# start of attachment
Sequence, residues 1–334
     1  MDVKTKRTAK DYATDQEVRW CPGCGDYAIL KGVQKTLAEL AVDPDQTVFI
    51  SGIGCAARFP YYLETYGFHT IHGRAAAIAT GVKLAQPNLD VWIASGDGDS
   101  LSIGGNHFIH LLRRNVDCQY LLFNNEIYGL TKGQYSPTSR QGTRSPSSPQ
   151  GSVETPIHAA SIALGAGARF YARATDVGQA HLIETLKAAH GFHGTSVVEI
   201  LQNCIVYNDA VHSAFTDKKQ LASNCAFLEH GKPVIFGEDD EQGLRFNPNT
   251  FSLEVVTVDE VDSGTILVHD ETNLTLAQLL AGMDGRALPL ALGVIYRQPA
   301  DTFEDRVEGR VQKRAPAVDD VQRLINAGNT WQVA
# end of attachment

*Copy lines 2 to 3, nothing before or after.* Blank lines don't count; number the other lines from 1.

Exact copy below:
     1  MDVKTKRTAK DYATDQEVRW CPGCGDYAIL KGVQKTLAEL AVDPDQTVFI
    51  SGIGCAARFP YYLETYGFHT IHGRAAAIAT GVKLAQPNLD VWIASGDGDS